Integration of a Brassica Green Manure into the Potato-Barley Rotation

2003 Annual Report for LNE02-166

Project Type: Research and Education
Funds awarded in 2002: $77,503.00
Projected End Date: 12/31/2006
Region: Northeast
State: Maine
Project Leader:
Peter Sexton
University of Maine Cooperative Extension

Integration of a Brassica Green Manure into the Potato-Barley Rotation


This summary covers the second year of a three-year study. The objective of this project is to assist New England potato farmers in determining the most efficient way to integrate a Brassica green manure in their current potato – small grain rotation. Some members of the Brassicaceae have been reported to suppress soil pathogens when incorporated as green manures. The predominant rotation among potato growers is to plant potatoes followed by oats or barley, and then go back to potatoes. Our initial goal was to grow a Brassica green manure in the same season as a cash crop of barley. However, from results of the first season of the study, this appears to be unworkable in northern Maine. Where the winter rapeseed green manure became well established, it interfered with barley harvest when the grain lodged into the underseeded green manure. Where the green manure was established after barley harvest, the remaining growing season was too short to obtain significant growth from the green manure. Accordingly, the grower cooperators choose to redirect the study and work on evaluation of a Brassica green manure as a sole crop completely replacing the barley crop in northern Maine. Also, it was decided to work on establishing a Brassica green manure after barley further south, in central Maine, where the growing season is longer, and barley is often harvested early as silage. The grower-cooperators also chose to conduct the experiment with large plots (60 feet wide) that better fit their farming equipment. This limited the number of treatments that could be evaluated. It was decided to work with ‘Caliente’ green manure mustard, as this variety has been shown to benefit potatoes in Washington. The growers felt with limited treatments they preferred to work with a variety that had been proven elsewhere.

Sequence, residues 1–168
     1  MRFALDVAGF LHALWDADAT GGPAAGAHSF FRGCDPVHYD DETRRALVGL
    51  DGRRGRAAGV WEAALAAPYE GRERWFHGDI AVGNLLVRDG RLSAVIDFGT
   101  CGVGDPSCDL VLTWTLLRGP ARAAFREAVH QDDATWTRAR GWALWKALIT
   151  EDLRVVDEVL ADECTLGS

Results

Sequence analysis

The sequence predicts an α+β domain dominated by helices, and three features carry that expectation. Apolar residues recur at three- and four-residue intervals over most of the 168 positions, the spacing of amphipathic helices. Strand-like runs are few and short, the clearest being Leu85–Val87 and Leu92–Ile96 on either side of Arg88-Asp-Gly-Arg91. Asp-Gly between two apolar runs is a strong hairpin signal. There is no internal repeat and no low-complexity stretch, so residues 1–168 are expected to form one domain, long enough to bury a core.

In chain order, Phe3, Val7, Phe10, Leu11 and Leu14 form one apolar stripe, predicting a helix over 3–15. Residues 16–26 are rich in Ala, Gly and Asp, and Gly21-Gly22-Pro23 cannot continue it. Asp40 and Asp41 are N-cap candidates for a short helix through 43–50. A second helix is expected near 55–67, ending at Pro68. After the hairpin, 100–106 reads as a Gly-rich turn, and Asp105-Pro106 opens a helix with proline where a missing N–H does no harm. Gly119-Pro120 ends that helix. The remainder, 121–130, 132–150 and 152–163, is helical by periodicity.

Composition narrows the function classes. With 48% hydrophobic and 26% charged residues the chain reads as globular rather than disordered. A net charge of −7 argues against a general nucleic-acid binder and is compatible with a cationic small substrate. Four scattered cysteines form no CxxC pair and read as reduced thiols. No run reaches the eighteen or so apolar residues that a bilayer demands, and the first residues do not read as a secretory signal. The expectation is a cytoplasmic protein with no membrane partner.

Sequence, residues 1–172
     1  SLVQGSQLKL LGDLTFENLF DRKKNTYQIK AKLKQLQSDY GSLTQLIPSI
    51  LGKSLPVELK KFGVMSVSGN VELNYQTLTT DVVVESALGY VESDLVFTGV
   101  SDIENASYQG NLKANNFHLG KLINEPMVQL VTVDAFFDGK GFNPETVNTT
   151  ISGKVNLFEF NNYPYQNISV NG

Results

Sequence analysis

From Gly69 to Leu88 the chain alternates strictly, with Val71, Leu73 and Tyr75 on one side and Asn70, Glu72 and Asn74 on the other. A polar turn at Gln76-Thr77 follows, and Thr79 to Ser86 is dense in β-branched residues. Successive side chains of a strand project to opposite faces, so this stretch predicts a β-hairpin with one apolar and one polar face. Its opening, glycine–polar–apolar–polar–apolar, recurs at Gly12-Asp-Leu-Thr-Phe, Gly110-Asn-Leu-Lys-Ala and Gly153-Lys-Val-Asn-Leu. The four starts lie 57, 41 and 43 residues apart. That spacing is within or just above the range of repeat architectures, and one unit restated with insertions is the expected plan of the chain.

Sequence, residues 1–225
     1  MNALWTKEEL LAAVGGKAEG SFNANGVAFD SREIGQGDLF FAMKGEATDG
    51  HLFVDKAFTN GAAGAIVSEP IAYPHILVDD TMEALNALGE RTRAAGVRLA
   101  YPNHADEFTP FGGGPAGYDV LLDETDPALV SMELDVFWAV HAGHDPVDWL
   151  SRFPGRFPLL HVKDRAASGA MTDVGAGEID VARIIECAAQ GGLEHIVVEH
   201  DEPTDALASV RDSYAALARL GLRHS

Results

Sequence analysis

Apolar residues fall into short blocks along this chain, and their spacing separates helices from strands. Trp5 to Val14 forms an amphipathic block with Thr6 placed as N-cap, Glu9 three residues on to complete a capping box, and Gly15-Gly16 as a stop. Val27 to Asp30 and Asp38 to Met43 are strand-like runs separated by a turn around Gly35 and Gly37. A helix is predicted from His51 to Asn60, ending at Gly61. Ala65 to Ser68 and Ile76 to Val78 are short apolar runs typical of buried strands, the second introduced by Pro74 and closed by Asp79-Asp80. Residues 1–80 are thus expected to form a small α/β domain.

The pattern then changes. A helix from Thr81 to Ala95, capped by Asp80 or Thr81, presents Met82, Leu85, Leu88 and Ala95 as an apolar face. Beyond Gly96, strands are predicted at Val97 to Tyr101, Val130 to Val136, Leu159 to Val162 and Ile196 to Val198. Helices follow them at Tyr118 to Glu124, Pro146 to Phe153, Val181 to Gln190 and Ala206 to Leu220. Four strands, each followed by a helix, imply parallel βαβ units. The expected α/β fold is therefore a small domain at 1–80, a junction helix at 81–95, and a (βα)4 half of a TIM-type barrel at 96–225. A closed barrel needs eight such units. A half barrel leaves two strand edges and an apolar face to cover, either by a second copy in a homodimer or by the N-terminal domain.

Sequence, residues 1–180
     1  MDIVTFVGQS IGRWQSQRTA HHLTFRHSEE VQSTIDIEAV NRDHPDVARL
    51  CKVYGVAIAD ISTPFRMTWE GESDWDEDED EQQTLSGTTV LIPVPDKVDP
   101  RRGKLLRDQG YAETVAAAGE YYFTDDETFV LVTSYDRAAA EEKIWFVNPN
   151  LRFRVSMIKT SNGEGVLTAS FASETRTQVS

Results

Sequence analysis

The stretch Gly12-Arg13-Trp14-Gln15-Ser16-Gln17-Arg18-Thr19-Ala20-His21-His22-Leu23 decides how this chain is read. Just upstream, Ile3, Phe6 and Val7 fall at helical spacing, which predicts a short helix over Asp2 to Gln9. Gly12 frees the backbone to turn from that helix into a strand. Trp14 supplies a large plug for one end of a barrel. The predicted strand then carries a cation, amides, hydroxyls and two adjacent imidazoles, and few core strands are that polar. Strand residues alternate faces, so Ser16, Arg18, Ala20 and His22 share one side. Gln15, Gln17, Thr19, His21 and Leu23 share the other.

In the 2003 season, three on-farm trials were conducted, with two locations in northern Maine and one in central Maine. In the northern Maine trials ‘Caliente’ green manure mustard (mixture of Brassica juncea and Sinapis alba) was planted in mid-May and replaced the barley crop. Each trial had barley as a check, and one site also had canola. The trials were replicated at least three times at each site. In central Maine, ‘Caliente’ mustard, and ‘Dwarf Essex’ winter rapeseed were planted in early August following a barley crop harvested for silage. In northern Maine the mustard was mowed and disked in during early seed-filling. Average dry matter production of the mustard green manure in northern Maine was 4330 lb per acre at one site, and 4230 lb per acre at the other site. In central Maine where the green manure crop was planted after barley harvest, the mustard was mowed and disked in during early flowering and dry weight averaged 2750 lbs per acre. Published work with this variety shows incorporation of 4770 lbs per acre was associated with suppression of verticillium wilt (A.M. McGuire. 2003. Mustard green manures replace fumigant and improve infiltration in potato cropping system. Plant Management Network, August 2003). The green manure treatments will be repeated again in the coming year, and the potato crop following the 2003 green manure will be monitored for disease incidence.